Life & Letters

Correspondence

About this Item

Title: William E. Vandemark to Walt Whitman, 16 December 1863

Date: December 16, 1863

Source: The transcription presented here is derived from Drum Beats: Walt Whitman's Civil War Boy Lovers, ed. Charley Shively (San Francisco, California: Gay Sunshine Press, 1989), 206-207. For a description of the editorial rationale behind our treatment of the correspondence, see our statement of editorial policy.

Location: Henry W. and Albert A. Berg Collection of English and American Literature at the New York Public Library

Whitman Archive ID: nyp.00153

Contributors to digital file: Elizabeth Lorang, Tim Jackson, Vanessa Steinroetter, Kathryn Kruger, and Nick Krauter





Dear brother and comrad

I1 received a letter from yo this mornin dated the 13 and was very glad to hear from yo i am not very well i have good dele of pain in my hip and head i see by the tones of yiour letter that yo are not very well i hope by the time this letter reaches yo they may find yo well i know it is bad to loos a brother but the lord giveth and the lord taketh away an then we must all sooner or later give up this world— i had a few lines from home this morning my little girl is sick and i feeling bad to think that i cant see her now but my prays is that she may better soon well father i am going to my ridgement i think the doctor marked so but i cant march we expect evry day to start for elickazandry [Alexandria] to the convalesent camp if i could get to the city i could get my discharge but i cant father i thank yo for seeing about my discriptave list for they owe me now six months pay and i want i very bad they paid all those that had thair discriptave lists the doctors here are meen for they have no feeing to a man father the wether is getting cold here now and i will be glad wen i get away from here i long to see yo and have a good talk with yo for yo have ben kind to me wen i Could not help my self and i hope the day may come wen i can do for yo some good in return for father you donte know how i do love you i donte know wy it is i am more attached yo than enny one that i was acquainted with the papers gives us good news now conserning the war i hope theat peace may soone be proclaimed thair has been a grate many lives lost in the cruel war father i wish that yo would send yiour likenes and i will send yo mine & i wish that i could see yo i hope that i may soon see yo their is about 15 rebs here now they get all they want and the docters pays thair attention to the will the rebs over our men like dogs now strange it is well it may be all for the best i hope they will turn thair corse before it is to late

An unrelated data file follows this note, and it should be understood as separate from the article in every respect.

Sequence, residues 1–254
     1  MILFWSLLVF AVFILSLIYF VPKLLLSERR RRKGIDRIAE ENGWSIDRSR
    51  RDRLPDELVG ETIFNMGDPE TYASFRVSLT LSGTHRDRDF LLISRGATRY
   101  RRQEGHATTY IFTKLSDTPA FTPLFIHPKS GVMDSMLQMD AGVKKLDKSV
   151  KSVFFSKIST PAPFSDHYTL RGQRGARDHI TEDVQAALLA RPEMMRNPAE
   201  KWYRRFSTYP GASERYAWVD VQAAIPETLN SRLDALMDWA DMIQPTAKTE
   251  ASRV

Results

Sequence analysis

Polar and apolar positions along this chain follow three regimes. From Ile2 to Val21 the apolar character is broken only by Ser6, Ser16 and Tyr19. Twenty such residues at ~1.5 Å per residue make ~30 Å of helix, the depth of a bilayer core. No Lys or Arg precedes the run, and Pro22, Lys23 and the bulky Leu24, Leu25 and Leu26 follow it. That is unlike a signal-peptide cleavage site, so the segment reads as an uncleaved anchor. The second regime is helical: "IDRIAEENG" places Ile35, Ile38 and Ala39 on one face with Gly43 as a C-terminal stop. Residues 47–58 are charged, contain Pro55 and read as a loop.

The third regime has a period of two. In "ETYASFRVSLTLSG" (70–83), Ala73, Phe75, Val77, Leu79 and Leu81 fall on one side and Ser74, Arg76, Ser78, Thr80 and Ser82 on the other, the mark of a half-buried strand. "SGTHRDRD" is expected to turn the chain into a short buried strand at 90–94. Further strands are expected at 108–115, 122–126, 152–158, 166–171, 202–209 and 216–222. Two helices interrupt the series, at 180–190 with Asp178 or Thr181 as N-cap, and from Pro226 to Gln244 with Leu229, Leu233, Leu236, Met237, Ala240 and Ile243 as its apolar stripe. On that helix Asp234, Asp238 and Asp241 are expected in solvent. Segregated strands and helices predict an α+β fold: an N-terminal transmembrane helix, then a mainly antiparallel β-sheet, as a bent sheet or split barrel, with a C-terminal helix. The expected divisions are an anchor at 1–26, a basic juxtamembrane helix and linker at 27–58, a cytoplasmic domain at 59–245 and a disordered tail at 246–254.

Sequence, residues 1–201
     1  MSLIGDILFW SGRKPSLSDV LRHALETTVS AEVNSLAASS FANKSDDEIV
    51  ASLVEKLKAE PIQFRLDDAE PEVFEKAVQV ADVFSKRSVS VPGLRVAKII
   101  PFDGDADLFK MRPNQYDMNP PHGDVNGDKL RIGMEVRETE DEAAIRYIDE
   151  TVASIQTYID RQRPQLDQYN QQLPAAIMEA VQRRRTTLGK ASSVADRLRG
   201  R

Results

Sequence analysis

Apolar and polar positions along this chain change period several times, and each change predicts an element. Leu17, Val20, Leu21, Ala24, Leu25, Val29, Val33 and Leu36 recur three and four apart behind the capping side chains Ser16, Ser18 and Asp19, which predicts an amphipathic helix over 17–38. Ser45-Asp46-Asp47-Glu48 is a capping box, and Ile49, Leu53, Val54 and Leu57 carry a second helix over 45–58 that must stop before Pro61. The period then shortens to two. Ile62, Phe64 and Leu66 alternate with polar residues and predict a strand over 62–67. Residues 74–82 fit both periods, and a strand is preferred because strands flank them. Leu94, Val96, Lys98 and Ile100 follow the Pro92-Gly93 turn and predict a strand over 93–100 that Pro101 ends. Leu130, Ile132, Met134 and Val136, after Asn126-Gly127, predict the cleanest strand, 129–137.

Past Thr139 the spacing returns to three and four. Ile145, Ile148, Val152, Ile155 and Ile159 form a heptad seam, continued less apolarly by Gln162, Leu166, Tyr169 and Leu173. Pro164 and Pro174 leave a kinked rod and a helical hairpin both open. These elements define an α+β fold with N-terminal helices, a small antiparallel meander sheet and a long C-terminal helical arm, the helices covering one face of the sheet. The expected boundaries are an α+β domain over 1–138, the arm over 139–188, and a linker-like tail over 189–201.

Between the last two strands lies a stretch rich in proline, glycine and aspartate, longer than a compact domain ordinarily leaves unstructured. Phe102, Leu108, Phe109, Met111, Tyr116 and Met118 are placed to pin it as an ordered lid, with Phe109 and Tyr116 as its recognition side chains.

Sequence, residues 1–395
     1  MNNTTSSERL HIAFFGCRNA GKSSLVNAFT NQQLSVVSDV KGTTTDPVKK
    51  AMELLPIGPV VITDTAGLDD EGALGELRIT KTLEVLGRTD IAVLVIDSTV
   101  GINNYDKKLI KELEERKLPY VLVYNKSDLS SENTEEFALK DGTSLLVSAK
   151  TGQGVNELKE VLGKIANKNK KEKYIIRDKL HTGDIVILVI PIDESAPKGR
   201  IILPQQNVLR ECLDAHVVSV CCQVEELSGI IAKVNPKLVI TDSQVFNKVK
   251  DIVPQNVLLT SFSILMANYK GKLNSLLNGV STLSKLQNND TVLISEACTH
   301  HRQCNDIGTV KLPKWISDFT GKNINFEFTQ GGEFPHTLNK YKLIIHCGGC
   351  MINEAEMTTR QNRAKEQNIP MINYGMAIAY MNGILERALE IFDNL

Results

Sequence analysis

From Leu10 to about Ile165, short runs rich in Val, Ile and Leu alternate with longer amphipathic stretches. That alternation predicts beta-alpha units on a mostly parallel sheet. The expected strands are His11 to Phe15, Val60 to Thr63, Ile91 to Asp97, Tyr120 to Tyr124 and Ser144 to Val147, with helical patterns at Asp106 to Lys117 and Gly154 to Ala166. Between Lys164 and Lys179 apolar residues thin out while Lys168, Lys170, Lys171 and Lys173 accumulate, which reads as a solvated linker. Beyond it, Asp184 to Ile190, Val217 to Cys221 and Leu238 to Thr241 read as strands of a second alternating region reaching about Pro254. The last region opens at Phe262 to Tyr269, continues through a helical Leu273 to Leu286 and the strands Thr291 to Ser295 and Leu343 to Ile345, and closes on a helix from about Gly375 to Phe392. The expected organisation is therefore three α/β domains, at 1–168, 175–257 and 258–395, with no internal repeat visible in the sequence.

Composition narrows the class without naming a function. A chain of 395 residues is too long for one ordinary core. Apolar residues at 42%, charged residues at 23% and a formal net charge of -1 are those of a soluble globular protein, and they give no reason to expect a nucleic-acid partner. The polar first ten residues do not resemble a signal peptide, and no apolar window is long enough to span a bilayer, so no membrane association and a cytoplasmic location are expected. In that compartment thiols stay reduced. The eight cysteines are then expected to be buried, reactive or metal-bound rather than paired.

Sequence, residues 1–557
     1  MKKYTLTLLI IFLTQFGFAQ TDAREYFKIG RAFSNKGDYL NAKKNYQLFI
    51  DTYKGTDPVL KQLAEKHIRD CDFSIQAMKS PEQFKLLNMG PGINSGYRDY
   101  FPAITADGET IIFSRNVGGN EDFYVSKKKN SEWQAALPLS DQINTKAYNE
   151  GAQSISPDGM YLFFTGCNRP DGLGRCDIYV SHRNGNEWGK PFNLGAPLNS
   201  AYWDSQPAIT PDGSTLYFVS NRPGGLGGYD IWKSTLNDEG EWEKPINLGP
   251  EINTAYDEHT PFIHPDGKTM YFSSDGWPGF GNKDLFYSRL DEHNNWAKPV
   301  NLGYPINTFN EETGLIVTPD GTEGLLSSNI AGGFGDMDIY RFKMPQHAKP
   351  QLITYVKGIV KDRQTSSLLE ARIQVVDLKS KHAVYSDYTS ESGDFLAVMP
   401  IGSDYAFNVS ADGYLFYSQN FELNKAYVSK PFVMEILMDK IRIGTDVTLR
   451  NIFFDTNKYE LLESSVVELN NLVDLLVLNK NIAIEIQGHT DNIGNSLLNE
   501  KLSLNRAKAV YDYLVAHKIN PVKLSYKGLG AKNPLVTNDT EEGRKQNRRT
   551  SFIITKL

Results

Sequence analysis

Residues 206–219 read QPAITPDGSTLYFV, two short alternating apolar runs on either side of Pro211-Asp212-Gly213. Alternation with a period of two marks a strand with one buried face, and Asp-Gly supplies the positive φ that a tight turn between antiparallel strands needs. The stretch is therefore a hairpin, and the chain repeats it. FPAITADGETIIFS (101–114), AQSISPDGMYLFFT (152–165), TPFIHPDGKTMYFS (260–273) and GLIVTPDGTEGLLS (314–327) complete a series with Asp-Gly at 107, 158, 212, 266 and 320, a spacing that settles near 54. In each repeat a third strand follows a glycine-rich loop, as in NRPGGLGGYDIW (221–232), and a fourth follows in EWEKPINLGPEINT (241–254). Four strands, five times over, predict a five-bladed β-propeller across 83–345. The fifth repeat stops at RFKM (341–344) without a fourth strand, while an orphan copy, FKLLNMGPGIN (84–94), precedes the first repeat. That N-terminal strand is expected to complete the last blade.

Deair father and Comrad i will close now good by and may god take care of yo and that we may soon meet from friend & son William Vandemark to his comrad and father and friend


Notes:

1. William E. Vandemark, a private in Company I of the 120th New York Infantry, was wounded at the Battle of Chancellorsville on May 3, 1863. Whitman noted that Vandemark was placed in “bed 39—Ward B” at Armory Square Hospital, and Whitman may have written a letter to Vandemark's sister Sarah in Accord, New York (Edward F. Grier, ed., Notebooks and Unpublished Prose Manuscripts, [New York: New York University Press, 1984], 2:644). Vandemark returned home on furlough and was briefly transferred to the Veteran Reserve Corps during the summer of 1864 before returning to his regiment. He was killed on a skirmish line during the charge on Fort Davis at Petersburg, Virginia, on September 28, 1864. [back]


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